Wednesday, November 04, 2015

Review: The Last Child in The Woods

I really wanted to like The Last Child in The Woods. I grew up in Singapore, in a city where door-to-door inspections have eliminated the Anopheles mosquito. Growing up, we hated visiting Malaysia, where mosquitoes were still prevalent and would make us itch. Our Malaysian cousins had all sorts of bite marks and nasty stuff on their legs, and we had no desire to become like them. My first camping experience as a kid was so unloved by me that I never considered camping again until I was in my twenties. I only became an outdoors person when recreational hiking and commuting cycling brought me into contact with so much natural beauty that I said to myself, "There must be more out there." Once I realized that as an adult I could plan my own trips around what I liked rather than being dictated to like a child, my enjoyment of the outdoors increased a million fold.

The Last Child in The Woods is about nature-deficit disorder. It's an entirely made up syndrome, and the author admits as much. After all, lots of children (especially those from Asia) grow up without any appreciable contact with nature (much like myself), but when given the opportunity as adults, do learn to enjoy the outdoors. The author cites many studies that demonstrate the calming effect of nature exposure to children with varying disorders (such as ADD), but then extrapolates that to include healthy, normal children. This is questionable and there's not a shred of evidence in the book to lead to that conclusion!

Then I ran across this passage:
One might argue that a computer, with its near-infinite coding possibilities, is history’s deepest box of loose parts. But binary code, made of two parts—1 and 0—has its limits. Nature, which excites all the senses, remains the richest source of loose parts. (Kindle Loc: 1261-63)
I don't know if Richard Louv could have destroyed his credibility or demonstrated his ignorance more.

This is a pity, as I agree with much of his complaints about American society and its approach to play and nature. For instance:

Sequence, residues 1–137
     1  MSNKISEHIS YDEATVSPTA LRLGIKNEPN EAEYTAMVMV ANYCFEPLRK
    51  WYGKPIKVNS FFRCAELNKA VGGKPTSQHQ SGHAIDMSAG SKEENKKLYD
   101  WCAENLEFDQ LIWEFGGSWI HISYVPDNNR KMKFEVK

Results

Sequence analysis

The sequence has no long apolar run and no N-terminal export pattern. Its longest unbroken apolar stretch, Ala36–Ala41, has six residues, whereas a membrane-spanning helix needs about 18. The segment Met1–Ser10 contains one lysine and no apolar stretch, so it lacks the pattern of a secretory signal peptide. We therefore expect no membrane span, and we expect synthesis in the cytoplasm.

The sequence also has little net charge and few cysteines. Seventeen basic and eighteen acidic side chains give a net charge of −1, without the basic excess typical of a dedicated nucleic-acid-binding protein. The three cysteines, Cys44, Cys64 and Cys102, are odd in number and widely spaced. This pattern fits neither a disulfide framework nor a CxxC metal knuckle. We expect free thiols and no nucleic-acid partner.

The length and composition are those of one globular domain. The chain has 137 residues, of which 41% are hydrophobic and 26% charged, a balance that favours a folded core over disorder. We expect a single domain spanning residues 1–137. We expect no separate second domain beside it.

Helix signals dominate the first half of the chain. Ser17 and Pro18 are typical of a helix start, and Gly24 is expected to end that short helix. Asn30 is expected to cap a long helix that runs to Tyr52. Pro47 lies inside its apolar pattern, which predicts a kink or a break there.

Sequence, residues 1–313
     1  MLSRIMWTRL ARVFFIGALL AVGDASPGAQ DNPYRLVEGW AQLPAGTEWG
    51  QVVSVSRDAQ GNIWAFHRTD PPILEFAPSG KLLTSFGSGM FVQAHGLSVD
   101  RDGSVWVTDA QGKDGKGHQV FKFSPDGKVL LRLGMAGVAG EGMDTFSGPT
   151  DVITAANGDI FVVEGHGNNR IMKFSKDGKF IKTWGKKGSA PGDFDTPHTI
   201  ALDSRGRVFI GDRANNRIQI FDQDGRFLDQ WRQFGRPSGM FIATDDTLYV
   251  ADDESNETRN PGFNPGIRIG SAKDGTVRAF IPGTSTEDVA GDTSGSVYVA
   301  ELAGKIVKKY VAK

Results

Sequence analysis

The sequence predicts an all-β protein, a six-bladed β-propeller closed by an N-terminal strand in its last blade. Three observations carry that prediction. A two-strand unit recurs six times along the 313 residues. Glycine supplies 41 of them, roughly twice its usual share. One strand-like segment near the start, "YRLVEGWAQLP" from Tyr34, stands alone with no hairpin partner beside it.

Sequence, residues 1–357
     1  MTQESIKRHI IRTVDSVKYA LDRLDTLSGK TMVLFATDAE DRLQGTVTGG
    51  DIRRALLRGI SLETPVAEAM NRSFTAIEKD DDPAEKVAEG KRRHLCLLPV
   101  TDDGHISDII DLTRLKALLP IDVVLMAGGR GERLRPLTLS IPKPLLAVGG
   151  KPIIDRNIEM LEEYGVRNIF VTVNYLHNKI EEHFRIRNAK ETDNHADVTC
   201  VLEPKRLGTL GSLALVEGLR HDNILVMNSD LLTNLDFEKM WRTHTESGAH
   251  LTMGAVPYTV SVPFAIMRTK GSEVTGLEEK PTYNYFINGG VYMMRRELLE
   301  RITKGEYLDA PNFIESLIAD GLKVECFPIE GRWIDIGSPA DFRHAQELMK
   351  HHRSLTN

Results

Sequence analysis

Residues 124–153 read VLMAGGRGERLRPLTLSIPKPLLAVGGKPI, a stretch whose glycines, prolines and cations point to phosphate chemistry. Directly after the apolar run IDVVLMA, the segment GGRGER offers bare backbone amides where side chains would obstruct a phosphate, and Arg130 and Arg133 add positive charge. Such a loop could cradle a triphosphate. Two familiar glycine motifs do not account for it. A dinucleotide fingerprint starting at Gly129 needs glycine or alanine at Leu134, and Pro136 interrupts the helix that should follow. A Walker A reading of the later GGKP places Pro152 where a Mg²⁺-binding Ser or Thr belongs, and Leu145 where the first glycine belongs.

Typical Americans spend 101 minutes in their car daily, five times the amount of time they spend exercising. They also take fewer vacation days and work harder than the Japanese or Europeans. (Kindle Loc 1705-6)
I deplore the disappearance of see-saws from American playgrounds because of liability lawsuits. I definitely think that most American cities have little character and definitely aren't as livable as the European cities I've visited. I certainly agree with many of his prescriptions for building a more liveable, green, and environmentally friendly city, where kids get to build tree houses, and children falling out of those said tree houses and breaking body parts wouldn't cause multiple lawsuits and a media frenzy.

The reality, however, is that parents, if they truly cared about the issue, have a lot of control over what trips they take their kids on, and how they portray recreation with their children. For instance, I visited the Montebello OSP Backpack Camp expecting Bowen to be the youngest kid there. He was instead the oldest, with several 1-year olds who were ferried into the campground by dads on Mountain Bikes. I certainly do my best to take Bowen on trips where driving isn't the primary mode of transport as much as possible. There's tons of evidence that building aerobic capacity also improves intelligence and performance in school activities, so this sort of thing isn't even contradictory to being a tiger parent, if that's what you're after.

But Richard Louv chooses instead to wring his hands over declining membership in the Sierra Club, and the graying of hairs and reduction of outdoors activities in the Boy/Girl Scout organizations. The Sierra Club, especially the Loma Prieta Chapter here in Silicon Valley, is famous for fighting against Mountain Bike access to trails, so it's not a surprise that the later, more cycling-friendly generation of outdoors people no longer consider them a friend, but find other ways to express their environmentalism and love of the outdoors. And the less said about the Boy Scout organization's reputation, the better.

All in all, I'm very disappointed in the book. If you're an outdoorsy dad trying to convince your wife that all this hiking/camping/cycling/sailing is good for your kids, the evidence in this book is thin and unconvincing even to me, let alone your wife. If you're looking for help in advocating for more greenery in urban spaces, the book undermines its own credibility in enough places that I'd be leery of citing it if I were faced with determined opposition. I hope the outdoors advocacy literature has people who have more coherent arguments than Richard Louv. But in the end, maybe it doesn't matter: the last time Bowen took friends with him camping, they all became fans of camping, so he's not going to be the last child in the woods.
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